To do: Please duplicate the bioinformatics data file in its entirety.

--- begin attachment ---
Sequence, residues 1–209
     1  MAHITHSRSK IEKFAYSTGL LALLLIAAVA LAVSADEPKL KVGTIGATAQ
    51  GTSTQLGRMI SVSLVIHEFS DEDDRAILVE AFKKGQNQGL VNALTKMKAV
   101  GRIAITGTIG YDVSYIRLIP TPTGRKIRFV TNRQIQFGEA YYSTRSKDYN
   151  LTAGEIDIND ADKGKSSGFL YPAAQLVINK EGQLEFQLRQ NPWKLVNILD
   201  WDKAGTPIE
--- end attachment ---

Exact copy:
Sequence, residues 1–209
     1  MAHITHSRSK IEKFAYSTGL LALLLIAAVA LAVSADEPKL KVGTIGATAQ
    51  GTSTQLGRMI SVSLVIHEFS DEDDRAILVE AFKKGQNQGL VNALTKMKAV
   101  GRIAITGTIG YDVSYIRLIP TPTGRKIRFV TNRQIQFGEA YYSTRSKDYN
   151  LTAGEIDIND ADKGKSSGFL YPAAQLVINK EGQLEFQLRQ NPWKLVNILD
   201  WDKAGTPIE